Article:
Inconsistent regulatory enforcement is a vulnerability in which government regulations are not enforced broadly or evenly, and/or they lack follow-up. These discrepancies allow campaign operators to promote and spread otherwise illicit content regarding scam medical procedures, fraudulent health care opportunities, harmful and unproven therapies, and the like. These inconsistencies could include agencies pursuing certain companies but not others for similar conduct or censuring a company for a violation but never verifying whether that company has remediated as required. The failure of government agencies to consistently enforce regulatory requirements regarding the promotion, sale, or use of specific medical or health-related treatments can result in the spread of misleading or false claims, unauthorized advertising, or other non-government-sanctioned activities.
Political administrations can also be a factor in the prioritization of regulatory enforcement, despite the regulations themselves staying consistent. For example, under former U.S. President Donald Trump, the Food and Drugs Administration, a federal regulatory body, sent 45% fewer “Official Action Indicated” reports (cases in which regulatory and/or administrative actions are recommended) than during an equivalent period under former President Barack Obama, 33% fewer warning letters (where the FDA identifies the violation and makes clear that the company must correct the problem),1 and 26% fewer injunctions (which are a “civil judicial process initiated to stop or prevent violation of the law”).2 The FDA sent fewer letters in Trump’s second year than in his first, indicating a policy of inconsistent enforcement of healthcare regulations even within an administration.3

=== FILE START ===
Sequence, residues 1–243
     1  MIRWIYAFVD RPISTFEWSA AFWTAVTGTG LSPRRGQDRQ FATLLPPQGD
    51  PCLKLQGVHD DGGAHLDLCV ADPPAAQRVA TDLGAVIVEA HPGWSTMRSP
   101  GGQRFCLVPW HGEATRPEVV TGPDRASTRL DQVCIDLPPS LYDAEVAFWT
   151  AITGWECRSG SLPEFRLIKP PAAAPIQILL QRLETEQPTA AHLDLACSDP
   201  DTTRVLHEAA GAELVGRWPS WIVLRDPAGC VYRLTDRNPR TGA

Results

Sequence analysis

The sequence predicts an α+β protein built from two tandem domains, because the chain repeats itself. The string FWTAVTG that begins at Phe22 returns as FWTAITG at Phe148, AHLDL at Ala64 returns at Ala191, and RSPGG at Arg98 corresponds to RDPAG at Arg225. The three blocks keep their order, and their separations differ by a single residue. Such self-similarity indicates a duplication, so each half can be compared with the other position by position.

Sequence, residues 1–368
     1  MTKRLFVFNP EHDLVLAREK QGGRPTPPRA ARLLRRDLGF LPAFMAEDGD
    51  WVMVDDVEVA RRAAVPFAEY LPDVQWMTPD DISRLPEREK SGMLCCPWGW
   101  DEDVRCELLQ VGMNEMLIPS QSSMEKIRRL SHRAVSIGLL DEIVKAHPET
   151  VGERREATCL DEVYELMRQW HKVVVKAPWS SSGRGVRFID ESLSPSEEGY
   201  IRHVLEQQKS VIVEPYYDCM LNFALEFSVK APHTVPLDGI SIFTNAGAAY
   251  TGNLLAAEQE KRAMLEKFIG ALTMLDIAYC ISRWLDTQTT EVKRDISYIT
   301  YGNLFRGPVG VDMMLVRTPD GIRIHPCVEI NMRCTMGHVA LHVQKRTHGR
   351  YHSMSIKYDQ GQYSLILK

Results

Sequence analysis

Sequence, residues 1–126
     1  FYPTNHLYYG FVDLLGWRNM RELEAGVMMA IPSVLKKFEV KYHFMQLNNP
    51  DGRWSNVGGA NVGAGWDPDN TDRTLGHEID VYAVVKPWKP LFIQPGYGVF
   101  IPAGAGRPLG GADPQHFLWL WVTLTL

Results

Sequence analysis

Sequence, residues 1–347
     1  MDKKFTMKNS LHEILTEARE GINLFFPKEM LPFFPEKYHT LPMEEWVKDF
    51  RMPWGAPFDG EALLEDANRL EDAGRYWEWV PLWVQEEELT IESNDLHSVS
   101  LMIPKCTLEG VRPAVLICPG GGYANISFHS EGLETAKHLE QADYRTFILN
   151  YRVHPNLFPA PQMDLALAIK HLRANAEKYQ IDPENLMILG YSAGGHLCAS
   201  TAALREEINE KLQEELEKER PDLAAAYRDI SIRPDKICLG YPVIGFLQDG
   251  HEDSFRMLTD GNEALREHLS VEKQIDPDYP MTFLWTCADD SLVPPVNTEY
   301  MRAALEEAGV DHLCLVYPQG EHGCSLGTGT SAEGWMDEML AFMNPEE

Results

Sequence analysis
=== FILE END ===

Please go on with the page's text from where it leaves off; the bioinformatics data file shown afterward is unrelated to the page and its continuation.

More broadly, inconsistent regulatory enforcement leads to a risk assessment by campaign operators: If profiteers expect little to no consequences for their actions or believe penalties will not necessarily harm or impede their operations, it disincentivizes adherence to government regulations. This creates a social, economic and/or political vulnerability for campaign operators to exploit.
Inconsistent regulatory enforcement is a Casebook value under the "Vulnerabilities" variable in the code book.
- 1 “About Warning and Close-Out Letters,” Food and Drug Administration, April 29, 2019, archived on Perma.cc, perma.cc/2SAA-NSYS.
- 2“Injunctions,” Food and Drug Administration, March 29, 2019, archived on Perma.cc, perma.cc/F869-BPQW; Charles Piller, “Exclusive: FDA enforcement actions plummet under Trump,” Science, July 2, 2019, archived on Perma.cc, perma.cc/7Y9N-Q5KQ.
- 3 Piller, “Exclusive: FDA enforcement actions plummet under Trump.”